(Mis)Understanding Political Science and Some Other Stuff

Let me preface this by saying that I started writing this post a little while ago, so some of the content is a bit dated at this point. That said, over at the Duck, Steve Saideman has a post up that continues the ongoing discussion on political science, its utility, and its relationship with the broader public. Steve* also links to some research on the subject done by fellow Binghamton University PhD, Conor Dowling.  You can check out either post for more details on the content/findings of the research. For now, I wanted to focus on a couple of points. Continue reading (Mis)Understanding Political Science and Some Other Stuff

The War We Don’t See

This is a topic that I’ll probably expand on later, but I was just reading an article discussing the role of Hamid Karzai’s brother in the present Afghan conflict.  This article gets at an issue that I’ve thought about before.  From the FP article cited above: But he could not exist without the support of coalition forces. AWK has long worked closely with, and perhaps been paid by, the CIA, for whom he helps operate a paramilitary force, according to press reports.   As some of my research interests deal with the role of bureaucratic agencies in foreign policy, I find this particular chunk Continue reading The War We Don’t See

Economy of Force and Asymmetric Conflicts

Joshua Keating at Foreign Policy had a piece posted a couple of days ago that just caught my eye.  It basically talks about the current status of terrorist training camps and what the itinerary for the typical attendee entails.  It's pretty brief, but I think it covers some interesting subject matter.  And let me preface the rest of my comments by also saying that I am no expert on terrorism.  The following passage is the one that I focused on: Typically recruits are given lessons on how to handle small arms such as AK-47s and PK machine guns as well as Continue reading Economy of Force and Asymmetric Conflicts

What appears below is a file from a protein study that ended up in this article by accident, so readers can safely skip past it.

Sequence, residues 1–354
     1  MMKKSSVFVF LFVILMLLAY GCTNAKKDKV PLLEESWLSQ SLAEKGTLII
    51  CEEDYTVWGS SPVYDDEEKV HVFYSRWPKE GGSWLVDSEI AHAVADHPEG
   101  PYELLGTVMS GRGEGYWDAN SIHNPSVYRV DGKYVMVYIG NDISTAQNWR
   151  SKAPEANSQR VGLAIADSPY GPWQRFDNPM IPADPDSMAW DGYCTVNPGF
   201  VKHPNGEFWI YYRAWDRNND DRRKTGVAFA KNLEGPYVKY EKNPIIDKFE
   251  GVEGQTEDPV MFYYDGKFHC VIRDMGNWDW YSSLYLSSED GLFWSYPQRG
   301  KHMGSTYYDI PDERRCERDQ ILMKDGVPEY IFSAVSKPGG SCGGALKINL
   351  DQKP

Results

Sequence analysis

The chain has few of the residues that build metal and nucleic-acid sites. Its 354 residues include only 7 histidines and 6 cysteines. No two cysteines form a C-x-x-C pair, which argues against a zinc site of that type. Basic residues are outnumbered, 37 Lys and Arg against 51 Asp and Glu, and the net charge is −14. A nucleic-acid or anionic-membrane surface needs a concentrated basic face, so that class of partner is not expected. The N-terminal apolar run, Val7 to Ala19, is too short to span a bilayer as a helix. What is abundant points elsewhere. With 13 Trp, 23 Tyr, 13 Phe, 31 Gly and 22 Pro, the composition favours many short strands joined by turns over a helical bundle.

Bargaining with Your Right Brain

A friend outside of political science linked me this post asking if we deal with bargaining models in political science.  For those of you who are not in the know, one of the mainstays of contemporary International Relations game theory treats war as a bargaining process between states.  As such, the author argues that traditional bargaining models in economics are too simplistic to truly capture the moves that exist in a negotiation between two actors in the market (the two examples he provides deals with bargaining over small purchase).   While scholars of the Cuban Missile crisis may vehemently obejct Continue reading Bargaining with Your Right Brain

End of the week blogging

The summer is rapidly approaching its end as many of us are preparing for the classes we are teaching, quickly completing those papers for the upcoming APSA conference, and finishing up any summer projects (or finding ways to push back those deadlines).  As such, the blogging here has slowed down a bit while the Dark Knight post continues to draw hundreds of new hits daily from Google, blogs, and some random message boards – but normal posting should resume once people re-settle into the semester swing.  The International relations dispute of interest for the week has been the continued conflict Continue reading End of the week blogging

Pax Corleone

I could not pass up this article posted on The Monkey Cage yesterday.  Hulsman and Mitchell use the movie The Godfather as an analogy for post-9/11 America and each one of the Vito’s potential heirs represents a different theoretical path for America.  The article is an interesting treatment of the subject, though not entirely novel.  My advisor, for example, has assigned it in the past as intro to international relations course to dissect these similar themes.  However, it is good to have it as a formal analysis of the topic and offers a decent bridge between popular media and academic Continue reading Pax Corleone